Home & Design

A sliding door detailed with wooden slats connects the lower-level viewing room and a caterer’s kitchen.

The team also employed a slatted motif on an accent wall in the breakfast area and family room, albeit in a lighter palette. Granite slabs define the fireplace.

The new kitchen's clean-lined custom cabinets boast countertops in Dekton.

Curves prevail in the revamped family room, from the Minotti settee and Holly Hunt swivel chairs to the rug inspired by artist Toko Shinoda. A curved tray ceiling embedded with LED lights crowns the open space.

In the spirit of kintsugi—the Japanese art of repairing a break—Rina Okawa sketched a motif to mark the point where the home’s new and existing oak floors meet. The builder, Winchester, skillfully executed her creation in epoxy and gold leaf.

Back cushions in Great Plains performance velvet on the breakfast room’s custom banquette play off the owners’ ceramics collection.

The lower garden is loosely shaped like the Chesapeake Bay.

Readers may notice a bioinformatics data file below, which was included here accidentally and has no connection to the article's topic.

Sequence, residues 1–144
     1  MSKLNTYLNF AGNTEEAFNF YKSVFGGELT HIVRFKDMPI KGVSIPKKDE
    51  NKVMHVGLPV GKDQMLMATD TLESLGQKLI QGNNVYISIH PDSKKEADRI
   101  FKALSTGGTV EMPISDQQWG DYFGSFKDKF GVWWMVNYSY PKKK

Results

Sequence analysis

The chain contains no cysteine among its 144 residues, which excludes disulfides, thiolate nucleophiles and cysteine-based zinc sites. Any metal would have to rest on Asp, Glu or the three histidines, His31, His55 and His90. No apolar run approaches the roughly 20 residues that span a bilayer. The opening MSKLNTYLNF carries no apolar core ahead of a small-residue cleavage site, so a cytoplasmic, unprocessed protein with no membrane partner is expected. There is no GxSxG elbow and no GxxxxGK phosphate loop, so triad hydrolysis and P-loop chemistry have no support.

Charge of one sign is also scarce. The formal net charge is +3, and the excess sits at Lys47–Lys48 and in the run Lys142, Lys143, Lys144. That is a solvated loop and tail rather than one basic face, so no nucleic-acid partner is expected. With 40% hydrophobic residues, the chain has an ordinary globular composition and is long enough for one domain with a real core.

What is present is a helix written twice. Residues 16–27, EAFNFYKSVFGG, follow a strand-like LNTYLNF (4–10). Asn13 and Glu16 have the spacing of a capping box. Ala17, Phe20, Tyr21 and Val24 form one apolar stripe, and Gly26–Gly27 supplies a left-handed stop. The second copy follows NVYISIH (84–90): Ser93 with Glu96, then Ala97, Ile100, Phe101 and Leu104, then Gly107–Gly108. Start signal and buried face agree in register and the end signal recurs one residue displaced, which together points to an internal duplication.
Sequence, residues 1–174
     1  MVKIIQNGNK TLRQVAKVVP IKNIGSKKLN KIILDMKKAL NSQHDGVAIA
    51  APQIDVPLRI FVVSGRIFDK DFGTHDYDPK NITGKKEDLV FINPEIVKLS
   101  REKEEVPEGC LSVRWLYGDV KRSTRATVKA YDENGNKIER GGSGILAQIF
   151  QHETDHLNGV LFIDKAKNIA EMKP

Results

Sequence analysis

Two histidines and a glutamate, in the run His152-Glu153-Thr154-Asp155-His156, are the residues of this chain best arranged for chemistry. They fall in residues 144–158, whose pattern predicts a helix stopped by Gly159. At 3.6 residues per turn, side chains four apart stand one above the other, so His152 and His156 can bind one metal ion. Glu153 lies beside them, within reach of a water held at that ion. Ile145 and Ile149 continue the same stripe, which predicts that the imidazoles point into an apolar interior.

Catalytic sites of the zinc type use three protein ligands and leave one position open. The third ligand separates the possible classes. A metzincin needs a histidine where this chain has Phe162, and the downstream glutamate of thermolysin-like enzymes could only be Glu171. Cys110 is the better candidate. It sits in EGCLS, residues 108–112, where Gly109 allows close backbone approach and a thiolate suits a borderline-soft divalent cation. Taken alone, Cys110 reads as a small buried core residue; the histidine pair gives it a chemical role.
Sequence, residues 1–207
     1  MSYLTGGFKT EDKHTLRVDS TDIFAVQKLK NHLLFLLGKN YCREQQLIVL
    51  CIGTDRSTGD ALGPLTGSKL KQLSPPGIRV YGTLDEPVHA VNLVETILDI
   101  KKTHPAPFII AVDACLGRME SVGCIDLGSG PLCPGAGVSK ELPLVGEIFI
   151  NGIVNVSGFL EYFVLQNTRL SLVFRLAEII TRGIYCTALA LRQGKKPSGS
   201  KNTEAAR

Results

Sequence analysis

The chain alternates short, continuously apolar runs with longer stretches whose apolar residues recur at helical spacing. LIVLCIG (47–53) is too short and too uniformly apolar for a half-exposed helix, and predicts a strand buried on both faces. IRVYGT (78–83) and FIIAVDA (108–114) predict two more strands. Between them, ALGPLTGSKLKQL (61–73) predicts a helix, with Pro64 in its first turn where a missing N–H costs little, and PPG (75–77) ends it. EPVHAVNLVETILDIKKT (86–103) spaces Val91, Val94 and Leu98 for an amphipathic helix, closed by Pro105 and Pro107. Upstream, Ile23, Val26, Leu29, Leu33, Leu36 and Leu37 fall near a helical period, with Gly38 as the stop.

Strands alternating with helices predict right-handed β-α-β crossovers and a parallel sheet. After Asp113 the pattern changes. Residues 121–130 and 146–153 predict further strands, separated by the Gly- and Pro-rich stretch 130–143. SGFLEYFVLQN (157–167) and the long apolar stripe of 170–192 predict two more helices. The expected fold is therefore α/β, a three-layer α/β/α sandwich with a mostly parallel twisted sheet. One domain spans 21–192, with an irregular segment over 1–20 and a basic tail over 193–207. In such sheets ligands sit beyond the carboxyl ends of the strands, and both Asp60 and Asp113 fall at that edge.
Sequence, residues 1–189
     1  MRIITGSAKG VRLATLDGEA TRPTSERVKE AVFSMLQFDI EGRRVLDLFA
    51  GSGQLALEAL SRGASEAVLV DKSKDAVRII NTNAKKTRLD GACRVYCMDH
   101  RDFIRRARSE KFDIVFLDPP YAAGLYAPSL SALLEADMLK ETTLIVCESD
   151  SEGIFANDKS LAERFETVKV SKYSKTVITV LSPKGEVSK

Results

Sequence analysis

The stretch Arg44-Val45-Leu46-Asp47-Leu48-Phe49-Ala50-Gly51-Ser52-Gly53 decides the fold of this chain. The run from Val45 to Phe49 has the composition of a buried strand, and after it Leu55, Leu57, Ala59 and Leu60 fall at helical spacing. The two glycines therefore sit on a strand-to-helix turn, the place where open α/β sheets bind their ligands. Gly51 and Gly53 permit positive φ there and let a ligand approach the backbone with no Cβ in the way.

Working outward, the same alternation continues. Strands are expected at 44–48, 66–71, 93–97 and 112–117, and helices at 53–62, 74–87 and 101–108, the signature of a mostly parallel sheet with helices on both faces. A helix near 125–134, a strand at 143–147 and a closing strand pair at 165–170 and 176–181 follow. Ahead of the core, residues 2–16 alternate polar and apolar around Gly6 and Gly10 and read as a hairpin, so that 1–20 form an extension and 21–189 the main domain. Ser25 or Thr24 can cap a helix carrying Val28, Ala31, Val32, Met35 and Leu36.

A stone sculpture by Abe adorns the pocket-sized tsubo-niwa garden, as seen from the wife’s office.

A new window in the existing living room offers uninterrupted views of the upper landscape.

A fixed, 16-foot-wide window visually connects the lower-level viewing room and garden. Jet Mist granite floors and mahogany trim sound an organic note.

Calm Reverie

An Annapolis home and garden embrace modern Japanese design

If dropped by helicopter into this riverfront garden of ornamental trees, stone pathways and a raked-gravel bed, visitors might assume they’d landed in rural Japan rather than on a residential property overlooking Aberdeen Creek near Annapolis. The garden has grown and flourished for more than 20 years. Inspired by a trip to Japan, the owners originally hired landscape designer Shin Abe of ZEN Associates to conceive a traditional Japanese garden on their one-third-acre site in 2002. “We fell in love with the Japanese aesthetic,” explains the wife, a philanthropist. “We wanted a peaceful escape from the cacophony of the modern world.”